Federal Reserve Board Chairman Ben S. Bernanke spoke at the annual meeting of the Southern Legislative Conference of the Council of State Governments, Charleston, on August 2.
His topic was “Challenges for the Economy and State Governments.”
Here is his speech:
It is a pleasure to be able to address this conference of southern leaders and legislators. As some of you may know, I was raised only about 150 miles from here in Dillon, South Carolina, and remain connected to this area through family ties.
Our nation has endured a deep recession that in turn was triggered by the most severe financial crisis since the Great Depression. Today, the financial crisis appears to be mostly behind us, and the economy seems to have stabilized and is expanding again. But we have a considerable way to go to achieve a full recovery in our economy, and many Americans are still grappling with unemployment, foreclosure, and lost savings.
The recession–as all of you know too well–has also battered the budgets of state and local governments, primarily because tax revenues have declined sharply. Many states and localities continue to face difficulties in maintaining essential services and have significantly cut their programs and work forces. These cuts have imposed hardships in local jurisdictions around the country and are also part of the reason for the sluggishness of the national recovery.
Today, I will touch on current economic and financial conditions and then turn to some near-term and longer-term challenges–fiscal and otherwise–facing state governments.
The Economic Outlook
After a precipitous decline in late 2008 and early 2009, the U.S. economy stabilized in the middle of last year and is now expanding at a moderate pace. While the support to economic activity from stimulative fiscal policies and firms’ restocking of their inventories will diminish over time, rising demand from households and businesses should help sustain growth. In particular, in the household sector, growth in real consumer spending seems likely to pick up in coming quarters from its recent modest pace, supported by gains in income and improving credit conditions. In the business sector, investment in equipment and software has been increasing rapidly, in part as a result of the deferral of capital outlays during the downturn and the need of many businesses to replace aging equipment. At the same time, rising U.S. exports, reflecting the expansion of the global economy and the recovery of world trade, have helped foster growth in the U.S. manufacturing sector.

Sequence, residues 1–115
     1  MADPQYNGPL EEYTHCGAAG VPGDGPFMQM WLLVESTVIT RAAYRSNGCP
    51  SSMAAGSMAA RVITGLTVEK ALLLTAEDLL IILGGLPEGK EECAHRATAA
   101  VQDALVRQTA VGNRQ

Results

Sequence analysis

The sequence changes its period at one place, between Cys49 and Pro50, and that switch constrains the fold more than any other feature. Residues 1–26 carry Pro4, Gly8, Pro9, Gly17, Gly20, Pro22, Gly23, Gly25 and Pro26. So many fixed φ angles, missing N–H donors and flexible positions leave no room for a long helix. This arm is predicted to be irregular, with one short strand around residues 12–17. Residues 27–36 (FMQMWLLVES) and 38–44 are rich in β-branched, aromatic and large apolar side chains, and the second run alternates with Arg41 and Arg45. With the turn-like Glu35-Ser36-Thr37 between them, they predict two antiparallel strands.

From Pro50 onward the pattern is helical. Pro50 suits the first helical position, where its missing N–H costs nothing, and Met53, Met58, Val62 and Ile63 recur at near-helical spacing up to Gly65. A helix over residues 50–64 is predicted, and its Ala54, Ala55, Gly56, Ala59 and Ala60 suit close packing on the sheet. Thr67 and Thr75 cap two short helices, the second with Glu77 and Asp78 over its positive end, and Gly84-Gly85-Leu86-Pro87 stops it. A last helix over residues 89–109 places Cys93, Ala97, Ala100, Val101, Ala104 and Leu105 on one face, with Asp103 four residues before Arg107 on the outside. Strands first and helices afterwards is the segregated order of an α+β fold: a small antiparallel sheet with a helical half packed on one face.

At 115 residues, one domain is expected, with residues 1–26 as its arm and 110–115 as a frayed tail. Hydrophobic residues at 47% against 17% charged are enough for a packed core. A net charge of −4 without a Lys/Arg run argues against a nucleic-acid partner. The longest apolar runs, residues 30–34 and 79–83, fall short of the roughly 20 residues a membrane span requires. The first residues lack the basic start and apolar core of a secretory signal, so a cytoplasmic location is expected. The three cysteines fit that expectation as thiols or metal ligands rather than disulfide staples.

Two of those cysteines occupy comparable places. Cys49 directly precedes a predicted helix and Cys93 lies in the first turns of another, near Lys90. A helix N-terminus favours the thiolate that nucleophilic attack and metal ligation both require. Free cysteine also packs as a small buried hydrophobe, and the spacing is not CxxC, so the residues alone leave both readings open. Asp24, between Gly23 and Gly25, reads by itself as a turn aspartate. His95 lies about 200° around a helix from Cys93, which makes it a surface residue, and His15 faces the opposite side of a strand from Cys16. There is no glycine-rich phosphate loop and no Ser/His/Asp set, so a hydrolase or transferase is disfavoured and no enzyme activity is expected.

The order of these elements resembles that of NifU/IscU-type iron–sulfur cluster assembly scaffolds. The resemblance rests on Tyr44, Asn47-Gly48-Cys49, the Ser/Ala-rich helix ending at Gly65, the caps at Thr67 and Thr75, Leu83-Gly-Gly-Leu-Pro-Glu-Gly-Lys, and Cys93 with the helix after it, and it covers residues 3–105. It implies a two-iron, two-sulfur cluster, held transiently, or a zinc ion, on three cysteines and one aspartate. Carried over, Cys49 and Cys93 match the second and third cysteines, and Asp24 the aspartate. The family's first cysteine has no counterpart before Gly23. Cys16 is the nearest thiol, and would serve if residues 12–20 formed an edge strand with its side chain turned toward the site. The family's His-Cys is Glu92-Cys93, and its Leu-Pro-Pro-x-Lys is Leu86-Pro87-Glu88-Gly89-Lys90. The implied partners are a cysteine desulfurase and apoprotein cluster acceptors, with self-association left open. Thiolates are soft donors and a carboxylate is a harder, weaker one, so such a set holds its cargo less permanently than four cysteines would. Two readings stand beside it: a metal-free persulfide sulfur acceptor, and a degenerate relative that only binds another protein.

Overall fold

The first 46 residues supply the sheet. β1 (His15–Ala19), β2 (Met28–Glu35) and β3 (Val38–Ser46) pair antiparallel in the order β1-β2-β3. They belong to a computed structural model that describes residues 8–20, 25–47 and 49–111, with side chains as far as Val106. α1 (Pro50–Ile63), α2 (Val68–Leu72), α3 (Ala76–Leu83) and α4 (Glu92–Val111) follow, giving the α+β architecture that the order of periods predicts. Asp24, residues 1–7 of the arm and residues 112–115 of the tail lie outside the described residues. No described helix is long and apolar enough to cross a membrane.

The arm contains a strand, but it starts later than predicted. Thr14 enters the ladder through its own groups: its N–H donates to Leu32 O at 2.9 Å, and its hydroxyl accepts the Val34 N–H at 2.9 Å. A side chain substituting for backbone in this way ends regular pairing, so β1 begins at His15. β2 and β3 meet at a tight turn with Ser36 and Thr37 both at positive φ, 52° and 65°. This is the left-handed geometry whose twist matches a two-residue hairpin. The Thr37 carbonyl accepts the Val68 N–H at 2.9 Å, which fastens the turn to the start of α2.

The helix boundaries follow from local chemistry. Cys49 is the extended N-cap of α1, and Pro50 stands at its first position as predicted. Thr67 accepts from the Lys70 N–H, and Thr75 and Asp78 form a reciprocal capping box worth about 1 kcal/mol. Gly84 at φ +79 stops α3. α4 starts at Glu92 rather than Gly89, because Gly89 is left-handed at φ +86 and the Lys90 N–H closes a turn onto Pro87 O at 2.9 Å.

To be sure, notable restraints on the recovery persist. The housing market has remained weak, with the overhang of vacant or foreclosed houses weighing on home prices and new construction. Similarly, poor economic fundamentals and tight credit are holding back investment in nonresidential structures, such as office buildings, hotels, and shopping malls.
Importantly, the slow recovery in the labor market and the attendant uncertainty about job prospects are weighing on household confidence and spending. After two years of job losses, private payrolls expanded at an average of about 100,000 per month during the first half of this year, an improvement but still a pace insufficient to reduce the unemployment rate materially. In all likelihood, significant time will be required to restore the nearly 8-1/2 million jobs that were lost over 2008 and 2009. Moreover, nearly half of the unemployed have been out of work for longer than six months. Long-term unemployment not only imposes exceptional near-term hardships on workers and their families, it also erodes skills and may have long-lasting effects on workers’ employment and earnings prospects.
Financial conditions–though much improved since the depth of the financial crisis–have become somewhat less supportive of economic growth in recent months. Notably, concerns about the ability of Greece and a number of other euro-area countries to manage their sizable budget deficits and high levels of public debt roiled global financial markets in the spring, including our own. In response to these fiscal pressures, European leaders put in place a number of strong measures, including an assistance package for Greece and backstop financing for euro-area countries. And, recently, European banking supervisors released the results of comprehensive stress tests of their banks.1 On net, these measures appear to have reduced concerns in financial markets about European prospects.